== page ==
With GCSEs exams already underway and Modern Foreign Languages oral exams kicking off A Level proceedings, there’s no use wishing you’d started revising earlier– the key now is to map out the time you’ve got left and use it to best effect. This advice goes for those waiting to take summer exams in school as well.

Here are a few well-worn techniques for preparing for exams and making the most of the time and resources you have available.

Firstly, clear your mind and your desk.  I’m not advocating the age-old procrastination technique of tidying your desk, bedroom, or your wardrobe before you even begin.  What I mean is switch off your phone, close your laptop and don’t get caught social media surfing, updating your status, or checking Snapchat every 10 minutes.  I know it is tempting, so why not delete the Apps from your phone until after the exams – remove all temptation. It will all be over in a couple of months’ time and you can reinstate them and browse to your heart’s content!

It’s too late to learn by rote

Even if you’d started at Christmas, trying to remember all your notes off by heart is not going to get you an A* or a 9. At any level of exam, GCSE or A Level, the key to success is understanding the topics you’ve been taught.  With only a few weeks – and in some cases days – left you won’t be able to learn your notes by rote, so now is the time to ensure that you understand them.

Read through your notes and revision books and make sure you understand the key topics and can apply this knowledge.  Test yourself by trying to teach someone else, a willing sibling, or a parent – see if you can get them to understand the trickiest concepts.  If you can teach a tough topic, chances are you will understand it and it will help log it into your memory banks.

Tackle the elephant in the room

If there are topics and subjects that you know are your weakest – don’t ignore them or leave them until last – tackle them first, it is usually in these areas where good, focused revision can make all the difference.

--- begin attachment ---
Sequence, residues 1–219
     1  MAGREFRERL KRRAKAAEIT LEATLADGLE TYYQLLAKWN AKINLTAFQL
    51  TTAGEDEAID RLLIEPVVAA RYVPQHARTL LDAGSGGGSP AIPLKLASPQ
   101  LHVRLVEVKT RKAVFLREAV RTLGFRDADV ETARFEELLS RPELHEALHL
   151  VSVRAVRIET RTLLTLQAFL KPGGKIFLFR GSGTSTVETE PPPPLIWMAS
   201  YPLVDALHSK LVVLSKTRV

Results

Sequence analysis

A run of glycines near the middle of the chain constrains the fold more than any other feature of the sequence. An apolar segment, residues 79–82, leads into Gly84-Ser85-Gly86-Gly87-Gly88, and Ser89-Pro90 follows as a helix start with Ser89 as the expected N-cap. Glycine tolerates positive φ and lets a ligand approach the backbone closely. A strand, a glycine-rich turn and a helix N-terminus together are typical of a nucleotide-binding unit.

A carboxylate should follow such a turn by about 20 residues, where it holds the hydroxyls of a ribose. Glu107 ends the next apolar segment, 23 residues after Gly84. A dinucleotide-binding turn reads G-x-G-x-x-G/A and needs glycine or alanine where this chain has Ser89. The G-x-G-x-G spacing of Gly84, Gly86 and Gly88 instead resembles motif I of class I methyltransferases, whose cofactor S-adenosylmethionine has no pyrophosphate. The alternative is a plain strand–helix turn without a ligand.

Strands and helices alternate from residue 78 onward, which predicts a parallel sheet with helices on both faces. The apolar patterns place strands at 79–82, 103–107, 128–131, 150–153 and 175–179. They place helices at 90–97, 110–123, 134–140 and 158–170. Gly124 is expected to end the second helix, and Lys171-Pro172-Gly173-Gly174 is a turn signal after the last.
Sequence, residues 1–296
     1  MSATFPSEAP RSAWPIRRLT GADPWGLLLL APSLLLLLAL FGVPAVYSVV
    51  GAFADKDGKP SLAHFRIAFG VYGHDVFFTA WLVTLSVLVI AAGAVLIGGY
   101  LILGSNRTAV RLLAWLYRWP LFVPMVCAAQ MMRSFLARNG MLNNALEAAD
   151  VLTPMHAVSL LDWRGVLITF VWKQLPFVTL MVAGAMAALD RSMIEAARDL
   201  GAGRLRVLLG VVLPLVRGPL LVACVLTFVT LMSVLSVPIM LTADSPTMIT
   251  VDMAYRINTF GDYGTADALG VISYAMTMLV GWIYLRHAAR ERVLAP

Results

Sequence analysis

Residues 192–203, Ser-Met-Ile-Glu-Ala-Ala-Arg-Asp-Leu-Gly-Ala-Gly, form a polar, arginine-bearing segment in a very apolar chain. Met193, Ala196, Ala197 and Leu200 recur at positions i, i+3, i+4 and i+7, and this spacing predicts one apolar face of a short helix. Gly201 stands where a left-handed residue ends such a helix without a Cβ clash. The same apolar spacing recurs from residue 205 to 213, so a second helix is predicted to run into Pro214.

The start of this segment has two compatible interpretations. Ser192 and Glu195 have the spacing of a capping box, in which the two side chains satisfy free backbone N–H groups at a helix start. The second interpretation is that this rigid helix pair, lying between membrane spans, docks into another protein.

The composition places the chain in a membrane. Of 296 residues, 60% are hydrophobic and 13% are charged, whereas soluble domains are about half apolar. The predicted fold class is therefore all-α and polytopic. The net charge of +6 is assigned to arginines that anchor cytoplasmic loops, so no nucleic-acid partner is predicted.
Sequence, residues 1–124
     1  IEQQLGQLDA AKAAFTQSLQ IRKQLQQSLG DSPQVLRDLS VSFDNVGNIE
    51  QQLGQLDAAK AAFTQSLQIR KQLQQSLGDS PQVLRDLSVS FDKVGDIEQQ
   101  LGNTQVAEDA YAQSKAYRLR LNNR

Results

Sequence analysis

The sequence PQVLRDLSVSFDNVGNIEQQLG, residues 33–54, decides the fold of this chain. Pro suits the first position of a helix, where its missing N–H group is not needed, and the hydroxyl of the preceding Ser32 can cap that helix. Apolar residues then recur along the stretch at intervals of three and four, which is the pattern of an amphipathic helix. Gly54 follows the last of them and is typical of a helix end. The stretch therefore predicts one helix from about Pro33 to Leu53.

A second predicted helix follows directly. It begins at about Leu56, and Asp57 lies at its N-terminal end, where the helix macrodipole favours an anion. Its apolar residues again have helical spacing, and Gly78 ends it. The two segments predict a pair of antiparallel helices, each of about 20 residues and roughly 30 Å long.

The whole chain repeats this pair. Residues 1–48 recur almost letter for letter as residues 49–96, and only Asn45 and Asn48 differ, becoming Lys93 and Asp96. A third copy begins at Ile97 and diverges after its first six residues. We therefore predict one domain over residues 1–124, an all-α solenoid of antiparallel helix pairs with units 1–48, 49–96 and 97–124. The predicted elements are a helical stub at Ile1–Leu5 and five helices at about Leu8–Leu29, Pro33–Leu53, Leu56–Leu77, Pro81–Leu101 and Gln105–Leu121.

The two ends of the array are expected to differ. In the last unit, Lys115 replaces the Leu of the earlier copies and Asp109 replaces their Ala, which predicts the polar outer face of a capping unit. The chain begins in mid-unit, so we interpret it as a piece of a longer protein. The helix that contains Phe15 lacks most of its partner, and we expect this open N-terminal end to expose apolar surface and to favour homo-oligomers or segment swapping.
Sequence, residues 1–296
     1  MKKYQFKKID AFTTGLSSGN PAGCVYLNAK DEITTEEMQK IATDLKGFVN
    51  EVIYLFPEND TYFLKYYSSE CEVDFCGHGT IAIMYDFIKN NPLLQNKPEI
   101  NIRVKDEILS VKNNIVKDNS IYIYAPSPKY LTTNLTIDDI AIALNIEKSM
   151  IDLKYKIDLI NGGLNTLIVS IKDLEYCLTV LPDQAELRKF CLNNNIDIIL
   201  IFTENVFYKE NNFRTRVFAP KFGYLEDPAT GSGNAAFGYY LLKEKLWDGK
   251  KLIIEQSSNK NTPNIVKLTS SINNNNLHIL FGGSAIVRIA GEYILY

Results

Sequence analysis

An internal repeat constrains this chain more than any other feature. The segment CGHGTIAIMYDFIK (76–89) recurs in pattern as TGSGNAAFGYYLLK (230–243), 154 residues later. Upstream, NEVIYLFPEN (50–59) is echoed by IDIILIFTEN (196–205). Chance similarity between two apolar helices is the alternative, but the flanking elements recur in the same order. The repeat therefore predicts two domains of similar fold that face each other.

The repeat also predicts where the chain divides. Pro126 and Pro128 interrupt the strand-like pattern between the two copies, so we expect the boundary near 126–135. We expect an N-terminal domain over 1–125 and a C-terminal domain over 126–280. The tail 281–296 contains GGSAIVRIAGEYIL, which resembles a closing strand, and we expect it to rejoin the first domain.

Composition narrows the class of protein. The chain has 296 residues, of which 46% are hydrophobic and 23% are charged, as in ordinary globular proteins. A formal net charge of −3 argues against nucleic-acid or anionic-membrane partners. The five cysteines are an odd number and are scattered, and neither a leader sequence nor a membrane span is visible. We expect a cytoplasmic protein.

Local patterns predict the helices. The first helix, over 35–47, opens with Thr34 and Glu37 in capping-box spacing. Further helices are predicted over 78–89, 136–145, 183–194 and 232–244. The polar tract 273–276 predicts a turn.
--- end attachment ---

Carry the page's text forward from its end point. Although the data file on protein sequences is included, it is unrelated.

Identify your weak spots; what did you struggle with during the year, where did you lose marks in previous homework and tests and focus on these areas first when revising.

Don’t waste time ploughing through topics you really don’t understand, ask for help and do it now.  Friends, and teachers will be happy to help, if you ask.

Take regular breaks

You may feel you have no time to take a break – but even 10 minutes after a 50-minute stint is all that’s needed to keep your mind fresh, active and ready to learn.  You are less likely to get distracted and be able to concentrate if you know you only have to study for 50-minute blocks.  Anything longer and your mind will wander.   Be kind to yourself – use your breaks to do something nice, get active, move around but don’t be tempted to check your phone – then ten minutes will stretch into hours.

Find out about the marking scheme and the exam structure

Make sure you know the format your exams will take.  Knowing how the exam will be structured, how long it will be and the marking scheme may seem obvious but it is amazing how this can help you prepare for the onslaught. It will help concentrate the mind during revision and certainly when it comes to the actual exam, by helping you focus where it counts and on questions that will deliver the most marks.

Practice, practice, practice

Test your knowledge by answering past papers and exam questions so you know how to structure your answers and can do it in the time allotted.

Time yourself

There is no use knowing everything there is to know if you can’t get it down on paper in the time allowed.  Make sure you know how long you have in the exam, that you can summarise the information and that you can write, legibly, under pressure.

When it comes to the exams

Take time to look through the paper and read the instructions, this way you won’t miss out on a big question at the end because you’ve not given yourself enough time to turn to the back page.

Read the questions carefully

Make sure you’re answering the questions asked, don’t fall into the trap of seeing a topic and regurgitating everything you know about it – make sure you answer the question, if you don’t you run the risk of giving A* answers but not to the question asked.  Keep an eye on the clock and make sure you don’t run out of time.

If you hit a wall

If you get stuck on a question, don’t agonise too long over it and waste too much time.  Make a note of the question then move on to the rest of the paper.  When you come back to it at the end, chances are you will have a different perspective on it and will be able to tackle it afresh.

Check your work

Give yourself time at the end of each exam to go back to the questions you have missed and to check through your work looking for obvious mistakes

Put down your pens

When the exam is done and you’ve handed in your paper – relax and put it behind you.  Don’t fall into the trap of reviewing your answers with friends, or the brightest girl in the class to try to work out how you’ve done and don’t get bogged down with what people are saying about it on Twitter. It is over, now to focus on the next one!

And one crucial thing to remember is that exams do not define you.  Although important they are not the be all and end all – even Albert Einstein failed his University entrance exam!

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